How to start a business and create a company in Switzerland ?

You’re looking to start a business in Switzerland and need advice before getting started. Are you wondering how to open a company in Switzerland? You’re in the right place!

Whether you’ve decided to create your company in Switzerland or it’s just a project for now, Karpeo accounting and legal experts will explain everything about opening a business in Switzerland.

Company creation in Switzerland – Key steps

Starting a business is a significant decision in an entrepreneur’s life. If you’re reading this, you’ve likely weighed the pros and cons of your project. You’ve probably put together a business plan that will guide you for the coming months and years.

Now, the question of opening your business arises. We will go through the main steps and considerations that will mark this journey. Opening your business means setting up a legal structure that will accompany you for the years to come. Therefore, you need to be prepared and understand each of the steps and legal obligations.

Step 1 – Choosing the legal form for your business

In Switzerland, there are two types of corporate entities: the Limited Liability Company (LLC) and the Corporation.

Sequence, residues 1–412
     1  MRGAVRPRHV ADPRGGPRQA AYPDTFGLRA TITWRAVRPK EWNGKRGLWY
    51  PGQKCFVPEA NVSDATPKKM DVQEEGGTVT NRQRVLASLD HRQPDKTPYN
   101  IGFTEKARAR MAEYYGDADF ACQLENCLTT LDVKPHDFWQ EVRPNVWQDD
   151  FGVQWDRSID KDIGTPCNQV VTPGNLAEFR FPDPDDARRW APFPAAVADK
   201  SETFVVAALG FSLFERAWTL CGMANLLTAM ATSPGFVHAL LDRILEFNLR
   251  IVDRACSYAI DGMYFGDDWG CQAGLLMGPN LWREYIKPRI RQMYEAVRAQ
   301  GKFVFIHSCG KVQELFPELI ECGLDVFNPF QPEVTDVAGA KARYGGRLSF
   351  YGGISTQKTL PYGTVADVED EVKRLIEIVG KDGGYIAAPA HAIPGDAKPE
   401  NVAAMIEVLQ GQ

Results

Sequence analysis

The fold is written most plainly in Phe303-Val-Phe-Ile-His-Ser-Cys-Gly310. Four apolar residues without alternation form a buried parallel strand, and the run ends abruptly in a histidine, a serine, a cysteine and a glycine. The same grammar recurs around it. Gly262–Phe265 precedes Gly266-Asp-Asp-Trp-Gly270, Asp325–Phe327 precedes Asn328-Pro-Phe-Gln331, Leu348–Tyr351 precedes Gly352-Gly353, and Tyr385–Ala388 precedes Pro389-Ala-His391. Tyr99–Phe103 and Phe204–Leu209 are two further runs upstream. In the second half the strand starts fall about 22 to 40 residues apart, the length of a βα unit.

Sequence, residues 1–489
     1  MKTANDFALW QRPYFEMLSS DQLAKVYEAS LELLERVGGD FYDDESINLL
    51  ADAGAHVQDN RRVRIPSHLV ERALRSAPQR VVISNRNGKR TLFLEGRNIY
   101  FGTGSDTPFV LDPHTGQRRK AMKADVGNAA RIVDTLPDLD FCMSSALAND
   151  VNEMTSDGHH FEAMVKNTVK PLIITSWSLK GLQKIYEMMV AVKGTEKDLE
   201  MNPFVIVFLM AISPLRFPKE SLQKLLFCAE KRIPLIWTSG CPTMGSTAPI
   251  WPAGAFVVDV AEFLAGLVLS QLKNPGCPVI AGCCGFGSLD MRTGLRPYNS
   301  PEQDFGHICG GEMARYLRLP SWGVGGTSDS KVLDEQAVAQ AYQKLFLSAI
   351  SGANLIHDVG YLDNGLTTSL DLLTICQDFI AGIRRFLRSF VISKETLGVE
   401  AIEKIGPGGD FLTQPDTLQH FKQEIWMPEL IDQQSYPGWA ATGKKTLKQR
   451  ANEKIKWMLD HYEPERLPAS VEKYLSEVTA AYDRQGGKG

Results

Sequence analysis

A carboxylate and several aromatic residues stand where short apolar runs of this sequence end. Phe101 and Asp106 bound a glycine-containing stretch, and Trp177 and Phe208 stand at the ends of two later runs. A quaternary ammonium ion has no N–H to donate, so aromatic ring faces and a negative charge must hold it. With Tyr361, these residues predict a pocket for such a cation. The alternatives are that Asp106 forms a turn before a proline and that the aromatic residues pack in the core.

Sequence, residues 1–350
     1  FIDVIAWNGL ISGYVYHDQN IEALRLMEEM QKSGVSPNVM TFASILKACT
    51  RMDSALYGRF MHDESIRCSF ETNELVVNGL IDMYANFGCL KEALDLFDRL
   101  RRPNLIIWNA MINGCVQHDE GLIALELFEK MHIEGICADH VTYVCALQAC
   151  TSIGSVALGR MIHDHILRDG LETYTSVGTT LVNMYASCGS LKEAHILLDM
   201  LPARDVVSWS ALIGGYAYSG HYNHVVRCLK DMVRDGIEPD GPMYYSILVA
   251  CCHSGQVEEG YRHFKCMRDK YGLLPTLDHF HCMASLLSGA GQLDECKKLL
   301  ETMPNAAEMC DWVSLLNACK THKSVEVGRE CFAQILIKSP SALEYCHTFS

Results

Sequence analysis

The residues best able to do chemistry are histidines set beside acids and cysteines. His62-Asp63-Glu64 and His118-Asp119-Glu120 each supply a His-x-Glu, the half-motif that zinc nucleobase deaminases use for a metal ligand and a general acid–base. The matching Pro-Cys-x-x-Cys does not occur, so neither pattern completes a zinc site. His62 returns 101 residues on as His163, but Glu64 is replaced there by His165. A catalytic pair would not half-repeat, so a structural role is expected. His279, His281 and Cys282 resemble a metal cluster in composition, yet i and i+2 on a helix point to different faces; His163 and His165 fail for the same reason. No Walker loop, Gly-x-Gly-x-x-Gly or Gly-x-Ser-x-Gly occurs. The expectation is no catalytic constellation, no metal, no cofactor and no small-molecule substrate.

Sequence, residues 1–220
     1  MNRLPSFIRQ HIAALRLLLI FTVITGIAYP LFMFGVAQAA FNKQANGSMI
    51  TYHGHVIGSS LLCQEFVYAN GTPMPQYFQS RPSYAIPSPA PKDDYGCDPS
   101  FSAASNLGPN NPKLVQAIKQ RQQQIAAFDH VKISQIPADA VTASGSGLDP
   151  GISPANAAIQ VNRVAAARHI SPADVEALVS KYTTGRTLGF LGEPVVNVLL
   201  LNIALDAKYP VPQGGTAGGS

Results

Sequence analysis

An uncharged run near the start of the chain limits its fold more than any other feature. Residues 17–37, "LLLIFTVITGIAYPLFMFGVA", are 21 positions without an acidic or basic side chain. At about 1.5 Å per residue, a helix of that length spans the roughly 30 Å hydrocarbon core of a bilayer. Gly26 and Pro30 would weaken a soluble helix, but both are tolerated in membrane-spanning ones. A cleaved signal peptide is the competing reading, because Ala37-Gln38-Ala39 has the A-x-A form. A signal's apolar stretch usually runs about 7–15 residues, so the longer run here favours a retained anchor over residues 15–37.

These two structures are quite similar, but there are key differences, two of which are outlined below:

  • Share capital: the minimum for an LLC is 20,000 CHF (approximately 24,000 USD), while for a Corporation it must be at least 100,000 CHF (approximately 120,000 USD), half of which must be paid up at the company’s foundation.
  • Anonymity of shareholders : this is guaranteed in a Corporation, whereas LLC shareholders do not enjoy this anonymity, unlike Corporation associates.

Furthermore, it’s entirely possible to create an LLC and later transform it into a Corporation.

If you’re a foreign business, you also have the option to create a branch in Switzerland without having to open an LLC or Corporation. However, if you’re a cross-border worker, even with a valid work permit, you can only create your business in Switzerland if you find a manager who lives in Switzerland.

Partnerships : Sole proprietorships and general partnerships

When considering opening your own business, starting with a self-employed independent business activity can be preferable.

As with all legal forms, there are advantages and disadvantages to creating a sole proprietorship. The main advantage is the ease of establishment and the absence of initial capital requirements. The primary disadvantage lies in the fact that the sole proprietor has unlimited liability for their business activities and any damages they may cause.

Step 2 – Choosing a name and a corporate identity for your business

You’ve probably been thinking about it for a long time: what will your company name be ? This is also known as the company’s trade name. Under this name, your business will operate, and it’s important to consider several aspects:

  • Does my trade name already exist? To find out, check the website of the Commercial Registry.
  • Should it be the name of my brand? This depends on your business plan and your medium-term objectives.
  • Is it pronounceable in multiple languages? This can be important, especially if you plan to market your products/services internationally.